More ever, a Supermicro Big Twin (4 x 2S x Xeon Gold 6152) can pack 160 cores and 320 threads and 6TB RAM in 2U. (224 cores / 448 threads and 12TB RAM if opt for the far more expensive Xeon Platinum 6176/6180Ms) and should be ~2-3 faster (again, YMMV) compared to a Cavium based machine.


I was using atom based Xeons in my example. Why are you bring up machines that literally cost 10x-15x as much and use many times as much power? My whole post was about competing with ARM - atom based Xeons compete with ARM (or at least try to). High end Xeons cost way too much, use too much power, etc. - it isn't the same market at all.

So let me clarify... I thought the context was obvious in my post, but maybe not. Intel has nothing remotely as dense as Cavium/Centriq with competitive power/core and cost/core. My argument is simply that they could if they wanted to using atom cores - they don't need to switch to ARM to compete...

Reply Score: 2

RE[3]: The real problem...
by gilboa on Mon 16th Apr 2018 08:18 UTC in reply to "RE[2]: The real problem..."
gilboa Member since:
2005-07-06

Density.

You can fit 4 dual socket ThunderX (96 cores) with a terrabyte of ram each into a 2U rack. Thats 384 cores and 4TB of ram. Intel has nothing remotely this dense. The whole thing is probably sucking down 1000W fully loaded, but that is significantly better than most 4 node Xeon 2U servers, and you get 296 extra cores... Even if you take into account hyperthreading (which doesn't work on all workloads), you still have the ability to run about 200 more threads on a Cavium rack.


You talked about Density which usually translates to MIPS per U.
You claimed that Intel has nothing remotely close (your words, not mine) to ARMs density.
I proved otherwise.

A yet-to-be released high end Cavium Thunder X2 based solutions can "shove" 2 x 48 x 4 (384 cores) in 2U and require ~190w per socket.
An already shipping Intel Xeon Platinum based solution can pack 224 fast cores (448 threads) in 2U and require ~165w per socket (205w if you go super-high-end).
An already shipping AMD Eypc based solution can packet 256 cores (512 threads) in and require 180w per socket.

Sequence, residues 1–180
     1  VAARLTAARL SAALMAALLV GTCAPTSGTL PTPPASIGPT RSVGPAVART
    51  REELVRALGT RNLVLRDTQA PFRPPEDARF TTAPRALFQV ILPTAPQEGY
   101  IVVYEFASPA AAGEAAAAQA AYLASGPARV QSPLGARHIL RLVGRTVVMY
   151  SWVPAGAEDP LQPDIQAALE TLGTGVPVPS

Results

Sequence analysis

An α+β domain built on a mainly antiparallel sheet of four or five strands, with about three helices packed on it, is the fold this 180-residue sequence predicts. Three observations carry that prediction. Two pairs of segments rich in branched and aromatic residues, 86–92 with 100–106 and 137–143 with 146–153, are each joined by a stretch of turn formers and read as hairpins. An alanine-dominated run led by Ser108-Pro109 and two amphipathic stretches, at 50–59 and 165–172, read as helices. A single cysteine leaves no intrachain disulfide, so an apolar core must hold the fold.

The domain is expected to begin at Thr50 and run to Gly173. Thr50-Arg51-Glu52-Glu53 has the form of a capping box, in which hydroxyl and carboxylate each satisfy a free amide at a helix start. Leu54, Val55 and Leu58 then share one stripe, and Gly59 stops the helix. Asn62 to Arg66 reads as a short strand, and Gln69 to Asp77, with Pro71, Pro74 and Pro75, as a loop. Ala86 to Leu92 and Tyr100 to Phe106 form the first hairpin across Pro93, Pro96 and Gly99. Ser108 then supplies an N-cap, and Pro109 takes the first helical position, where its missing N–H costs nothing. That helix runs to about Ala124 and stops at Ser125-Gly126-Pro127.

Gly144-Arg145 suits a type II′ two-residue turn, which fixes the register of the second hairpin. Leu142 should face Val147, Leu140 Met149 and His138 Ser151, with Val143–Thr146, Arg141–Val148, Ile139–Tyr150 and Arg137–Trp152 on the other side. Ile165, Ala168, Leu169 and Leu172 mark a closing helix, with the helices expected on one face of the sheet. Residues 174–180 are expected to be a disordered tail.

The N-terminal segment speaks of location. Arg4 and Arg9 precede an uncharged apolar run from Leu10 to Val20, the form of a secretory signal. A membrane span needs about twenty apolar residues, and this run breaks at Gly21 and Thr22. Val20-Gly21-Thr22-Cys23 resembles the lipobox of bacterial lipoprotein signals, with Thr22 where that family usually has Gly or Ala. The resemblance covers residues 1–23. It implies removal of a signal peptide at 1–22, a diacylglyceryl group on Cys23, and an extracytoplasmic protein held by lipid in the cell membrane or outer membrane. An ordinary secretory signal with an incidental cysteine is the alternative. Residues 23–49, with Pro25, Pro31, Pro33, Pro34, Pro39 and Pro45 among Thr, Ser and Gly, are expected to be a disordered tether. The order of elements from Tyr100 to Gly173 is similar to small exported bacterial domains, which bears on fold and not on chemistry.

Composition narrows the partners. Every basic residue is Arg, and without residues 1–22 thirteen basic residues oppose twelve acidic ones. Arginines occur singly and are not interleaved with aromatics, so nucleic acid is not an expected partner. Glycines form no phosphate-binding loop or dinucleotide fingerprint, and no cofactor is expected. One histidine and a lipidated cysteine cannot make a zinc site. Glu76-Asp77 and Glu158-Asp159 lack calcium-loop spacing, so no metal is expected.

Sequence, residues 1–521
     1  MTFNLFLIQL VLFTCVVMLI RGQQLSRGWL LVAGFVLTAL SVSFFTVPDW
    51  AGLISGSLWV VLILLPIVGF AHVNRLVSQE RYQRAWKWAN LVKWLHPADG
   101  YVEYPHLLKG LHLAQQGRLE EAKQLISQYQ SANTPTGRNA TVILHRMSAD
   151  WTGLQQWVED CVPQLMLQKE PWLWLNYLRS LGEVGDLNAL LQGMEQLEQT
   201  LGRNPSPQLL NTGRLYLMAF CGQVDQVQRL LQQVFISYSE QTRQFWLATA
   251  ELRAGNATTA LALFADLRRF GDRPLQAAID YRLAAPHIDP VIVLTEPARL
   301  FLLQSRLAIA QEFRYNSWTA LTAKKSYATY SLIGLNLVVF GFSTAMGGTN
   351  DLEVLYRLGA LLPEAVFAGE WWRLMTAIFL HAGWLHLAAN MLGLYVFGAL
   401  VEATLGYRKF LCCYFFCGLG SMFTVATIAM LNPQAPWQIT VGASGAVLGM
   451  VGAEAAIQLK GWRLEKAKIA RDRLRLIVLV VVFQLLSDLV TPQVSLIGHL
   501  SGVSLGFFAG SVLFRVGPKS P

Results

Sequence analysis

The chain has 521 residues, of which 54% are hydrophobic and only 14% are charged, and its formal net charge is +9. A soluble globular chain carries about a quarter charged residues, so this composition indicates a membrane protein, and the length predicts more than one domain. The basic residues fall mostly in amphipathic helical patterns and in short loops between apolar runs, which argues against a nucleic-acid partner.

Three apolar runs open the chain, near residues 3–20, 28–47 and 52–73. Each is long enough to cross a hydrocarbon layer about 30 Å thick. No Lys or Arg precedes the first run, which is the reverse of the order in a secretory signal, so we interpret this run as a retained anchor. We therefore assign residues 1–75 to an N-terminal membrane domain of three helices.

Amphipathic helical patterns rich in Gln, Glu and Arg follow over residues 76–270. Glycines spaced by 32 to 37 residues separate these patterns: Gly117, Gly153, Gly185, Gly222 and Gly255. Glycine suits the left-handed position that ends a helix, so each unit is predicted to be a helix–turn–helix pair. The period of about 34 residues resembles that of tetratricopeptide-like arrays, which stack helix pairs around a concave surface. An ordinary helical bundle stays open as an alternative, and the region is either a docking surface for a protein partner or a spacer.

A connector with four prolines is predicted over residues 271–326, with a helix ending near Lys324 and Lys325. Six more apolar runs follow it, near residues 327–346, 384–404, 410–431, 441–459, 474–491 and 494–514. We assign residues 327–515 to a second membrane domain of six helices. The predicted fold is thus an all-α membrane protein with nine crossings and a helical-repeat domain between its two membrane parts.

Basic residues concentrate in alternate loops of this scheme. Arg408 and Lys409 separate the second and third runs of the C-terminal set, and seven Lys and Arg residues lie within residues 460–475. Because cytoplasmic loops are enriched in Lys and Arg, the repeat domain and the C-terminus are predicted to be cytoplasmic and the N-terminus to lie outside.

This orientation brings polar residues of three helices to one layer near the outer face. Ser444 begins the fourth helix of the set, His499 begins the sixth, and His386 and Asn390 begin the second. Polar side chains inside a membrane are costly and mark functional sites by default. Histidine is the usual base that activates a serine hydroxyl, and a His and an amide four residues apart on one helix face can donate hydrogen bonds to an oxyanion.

As this product is still soft launched, pricing information is not available and if ThunderX 1 is any indication, pricing will be ~40-50% of a comparable AMD/Intel based solution (A far cry from your 10-15x claim).

- Gilboa

Edited 2018-04-16 08:18 UTC

Reply Score: 3

RE[4]: The real problem...
by galvanash on Mon 16th Apr 2018 16:15 UTC in reply to "RE[3]: The real problem..."
galvanash Member since:
2006-01-25

Xeon 8180 is a $11k chip. ThunderX2 is (at most) a $2k chip - pricing info is still hard to find but is likely about the same as ThunderX (which was around $800).

https://www.anandtech.com/show/10353/investigating-cavium-thunderx-4...

Thats $90k vs $12k just on the CPUs alone. Cavium motherboards will obviously be far cheaper (its a SOC so they are far simpler) and cooling/power components will be cheaper as well. Rest of the components are irrelevant as they are not platform specific for the most part.

10x-15x could be a bit of an overstatement, but its still at least 5x-10x cheaper to go with Cavium (and far lower power usage on a per thread basis), and if they are really pricing them the same as the ThunderX (say $1k) the difference really is 10x-15x...

As far as performance goes, I think your missing the point. If your running a bunch of redis/memcache instances you don't want all that performance - its a waste of silicon. You just want a shit ton of cores with a bunch of cheap memory hanging off of them that occupy as little rack space as possible and use minimal power... This is exactly the kind of thing ARM/Atom are good for.

Why on earth would anyone buy a Xeon Platinum to do this? I'm not arguing that that high-end Xeon's are bad (hell, they are awesome!) - I'm arguing that low-end Xeons (atom based ones) are bad. They are simply built the wrong way to compete in the market they would actually be competitive in. Its not because they are too slow, and its not because they are too power hungry, its because they are not dense enough for the market they should be targeting...

The market Cavium primarly targets doesn't care about MIPs/U, they care about threads/U. Latency is all that matters...

Edited 2018-04-16 16:20 UTC

Reply Score: 3

AMD Opteron A
by zdzichu on Sat 14th Apr 2018 06:27 UTC
zdzichu
Member since:
2006-11-07

Opteron A isn't serious?

Reply Score: 2